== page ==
Project letter to the editor, Globe and Mail

(Not published)

Joy Thompson and Hazelle Palmer betray a fundamental misunderstanding of conscientious objection in their criticism of Concerned Pharmacists for Conscience (Don’t let drug stores become pulpits, Globe & Mail, 26 April 2000).

Pharmacists who have moral objections to dispensing the morning after pill usually assert that a new, unique and living human being begins to exist – and pregnancy begins – with the union of sperm and egg. This union they call conception or fertilization. These are hardly novel propositions in an era when fertilization is accomplished routinely in petri dishes, the resulting early embryos kept alive and matured pending implantation – or civil litigation.

The morning after pill prevents the union of sperm and egg only if it is taken in time to suppress ovulation. In other cases, it brings about the death of the early embryo by preventing implantation in the womb. This is the crux of the moral problem faced by pharmacists who hold that it is gravely wrong to deliberately cause the death of the developing human being at any point after conception.

Planned Parenthood and The Society of Obstetricians and Gynaecologists of Canada think that the morning after pill is a good thing. They call it ‘emergency contraception’, they claim that it does not cause abortions, and they ridicule those who disagree. “Out of step with medical community”, “professionally irresponsible, or blatantly uninformed”, and “inventing a controversy” are the accusations hurled from the Planned Parenthood pulpit at conscientious objectors.

The controversy being invented here arises from a difference in terminology. Thompson and Palmer et al define conception – and the beginning of pregnancy – as implantation of the early embryo in the womb, not as the union of sperm and egg. Thus, in their view, ‘contraception’ includes not only drugs or devices that prevent conception (fertilization), but anything that prevents implantation of the early embryo. That is why they describe the morning after pill as a ‘contraceptive’, regardless of its mechanism, and insist that it does not interfere with pregnancy. In their lexicon, the existence of the early embryo following fertilization does not count as pregnancy unless implantation occurs, and the destruction of the embryo prior to implantation is not abortion. The public can hardly be expected to make sense of the present dispute unless these points are clarified.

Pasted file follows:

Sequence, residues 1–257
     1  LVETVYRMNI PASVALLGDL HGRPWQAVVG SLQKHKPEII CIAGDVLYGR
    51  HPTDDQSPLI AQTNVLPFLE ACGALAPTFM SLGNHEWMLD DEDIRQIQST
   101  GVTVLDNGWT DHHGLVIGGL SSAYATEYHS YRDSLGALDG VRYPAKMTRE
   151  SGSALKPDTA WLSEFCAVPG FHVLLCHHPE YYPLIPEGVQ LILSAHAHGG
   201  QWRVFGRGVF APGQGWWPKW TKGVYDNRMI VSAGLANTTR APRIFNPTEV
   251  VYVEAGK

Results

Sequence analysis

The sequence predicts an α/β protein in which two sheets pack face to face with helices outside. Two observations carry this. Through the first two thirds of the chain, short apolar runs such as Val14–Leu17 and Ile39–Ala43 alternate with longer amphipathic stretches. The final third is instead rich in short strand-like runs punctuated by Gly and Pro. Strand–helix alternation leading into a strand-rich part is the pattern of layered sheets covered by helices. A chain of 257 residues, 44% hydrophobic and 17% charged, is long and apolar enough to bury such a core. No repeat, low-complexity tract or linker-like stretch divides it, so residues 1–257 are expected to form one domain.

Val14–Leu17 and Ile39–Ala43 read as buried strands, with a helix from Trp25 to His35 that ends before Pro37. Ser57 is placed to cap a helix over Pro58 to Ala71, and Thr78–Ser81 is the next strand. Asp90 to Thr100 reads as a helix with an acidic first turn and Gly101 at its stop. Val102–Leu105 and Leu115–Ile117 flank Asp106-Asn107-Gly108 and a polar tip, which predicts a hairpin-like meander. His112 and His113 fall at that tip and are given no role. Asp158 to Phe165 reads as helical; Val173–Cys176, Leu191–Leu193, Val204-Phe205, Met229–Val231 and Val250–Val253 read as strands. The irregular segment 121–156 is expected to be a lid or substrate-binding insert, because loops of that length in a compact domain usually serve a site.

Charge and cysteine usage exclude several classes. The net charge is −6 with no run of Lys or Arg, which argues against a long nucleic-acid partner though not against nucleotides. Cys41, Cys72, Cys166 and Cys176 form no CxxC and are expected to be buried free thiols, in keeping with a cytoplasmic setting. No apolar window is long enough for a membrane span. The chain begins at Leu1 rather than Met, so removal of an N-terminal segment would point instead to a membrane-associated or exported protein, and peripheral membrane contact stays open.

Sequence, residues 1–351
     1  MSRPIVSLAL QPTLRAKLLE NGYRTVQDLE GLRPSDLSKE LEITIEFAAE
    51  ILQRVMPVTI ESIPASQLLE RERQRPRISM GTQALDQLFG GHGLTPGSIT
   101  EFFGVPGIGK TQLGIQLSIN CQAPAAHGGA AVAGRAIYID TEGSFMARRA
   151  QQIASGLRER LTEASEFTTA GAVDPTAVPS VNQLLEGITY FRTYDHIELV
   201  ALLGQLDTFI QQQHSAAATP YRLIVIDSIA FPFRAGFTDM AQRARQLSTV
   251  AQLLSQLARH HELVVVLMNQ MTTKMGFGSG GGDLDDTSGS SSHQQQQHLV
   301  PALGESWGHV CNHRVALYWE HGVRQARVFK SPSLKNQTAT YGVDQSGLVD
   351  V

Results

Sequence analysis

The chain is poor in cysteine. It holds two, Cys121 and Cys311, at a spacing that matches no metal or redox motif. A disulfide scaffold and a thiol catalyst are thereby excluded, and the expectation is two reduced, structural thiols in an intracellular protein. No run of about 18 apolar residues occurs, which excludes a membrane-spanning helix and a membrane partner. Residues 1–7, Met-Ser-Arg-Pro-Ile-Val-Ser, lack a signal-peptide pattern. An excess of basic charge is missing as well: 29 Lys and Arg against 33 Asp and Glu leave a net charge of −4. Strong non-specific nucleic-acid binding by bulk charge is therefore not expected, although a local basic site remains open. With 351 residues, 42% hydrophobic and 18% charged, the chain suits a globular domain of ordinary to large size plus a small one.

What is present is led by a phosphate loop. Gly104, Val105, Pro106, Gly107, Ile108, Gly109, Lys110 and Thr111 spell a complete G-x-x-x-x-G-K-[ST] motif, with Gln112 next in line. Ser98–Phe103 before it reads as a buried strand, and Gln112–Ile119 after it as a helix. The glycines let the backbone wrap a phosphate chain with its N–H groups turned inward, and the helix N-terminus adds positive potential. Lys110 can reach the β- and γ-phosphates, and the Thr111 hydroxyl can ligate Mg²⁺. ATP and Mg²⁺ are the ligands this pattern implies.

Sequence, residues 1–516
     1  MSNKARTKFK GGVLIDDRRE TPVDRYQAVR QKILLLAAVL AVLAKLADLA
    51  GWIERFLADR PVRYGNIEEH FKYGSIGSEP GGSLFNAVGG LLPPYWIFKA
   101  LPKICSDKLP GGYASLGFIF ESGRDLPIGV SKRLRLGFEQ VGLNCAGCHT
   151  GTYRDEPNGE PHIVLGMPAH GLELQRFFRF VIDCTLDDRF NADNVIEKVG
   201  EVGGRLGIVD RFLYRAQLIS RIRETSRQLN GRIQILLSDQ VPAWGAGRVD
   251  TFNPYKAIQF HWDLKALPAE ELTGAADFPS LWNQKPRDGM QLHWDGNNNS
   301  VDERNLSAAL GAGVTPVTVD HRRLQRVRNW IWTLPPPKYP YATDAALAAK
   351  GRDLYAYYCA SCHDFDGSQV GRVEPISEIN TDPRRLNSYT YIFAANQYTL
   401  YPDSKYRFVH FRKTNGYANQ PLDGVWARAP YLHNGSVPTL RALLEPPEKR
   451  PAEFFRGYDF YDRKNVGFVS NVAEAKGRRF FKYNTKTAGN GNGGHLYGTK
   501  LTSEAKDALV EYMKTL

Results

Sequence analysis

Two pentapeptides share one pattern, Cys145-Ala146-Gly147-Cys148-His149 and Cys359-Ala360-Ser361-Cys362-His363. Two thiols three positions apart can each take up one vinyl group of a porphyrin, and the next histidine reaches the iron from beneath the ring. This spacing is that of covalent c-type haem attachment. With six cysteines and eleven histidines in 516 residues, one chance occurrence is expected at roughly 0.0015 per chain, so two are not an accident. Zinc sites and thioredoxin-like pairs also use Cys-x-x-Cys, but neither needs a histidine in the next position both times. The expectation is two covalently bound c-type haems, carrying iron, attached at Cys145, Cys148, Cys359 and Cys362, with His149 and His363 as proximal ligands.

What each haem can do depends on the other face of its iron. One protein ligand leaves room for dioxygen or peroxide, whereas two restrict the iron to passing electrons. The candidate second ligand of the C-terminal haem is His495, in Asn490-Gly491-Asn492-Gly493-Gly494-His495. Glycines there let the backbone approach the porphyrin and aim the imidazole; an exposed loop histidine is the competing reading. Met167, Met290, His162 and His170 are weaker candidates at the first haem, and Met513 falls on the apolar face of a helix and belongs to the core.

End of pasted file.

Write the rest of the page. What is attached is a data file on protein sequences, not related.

Out of step with medical community? The Canadian Medical Association advises physicians who have moral objections to abortion to explain this to their patients, and insists that there be no discrimination against physicians who refuse to perform or assist with abortions. Dr. John Williams, the CMA’s Director of Ethics, recently confirmed that doctors are not obliged to refer patients for abortions. “Respect for the right of personal decision in this area must be stressed,” states CMA policy. Is the respect given to doctors to be denied pharmacists and other health care professionals because powerful interests are able to shout them down?

Contrary to Thompson and Palmer’s assertions, conscientious objectors are not trying to prevent the introduction of abortifacient or contraceptive drugs, nor are they attempting to block access to them. These are impossible objectives for such a vulnerable minority with limited means. Instead, they simply ask that they not be hounded out of their professions because they will not do what they believe to be gravely wrong. Does The Best Country in the World have room for such people?

Sean Murphy, Administrator
Protection of Conscience Project

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  1. Pingback: Controversy continues over ‘morning after pill’ | Protection of Conscience Project Blog

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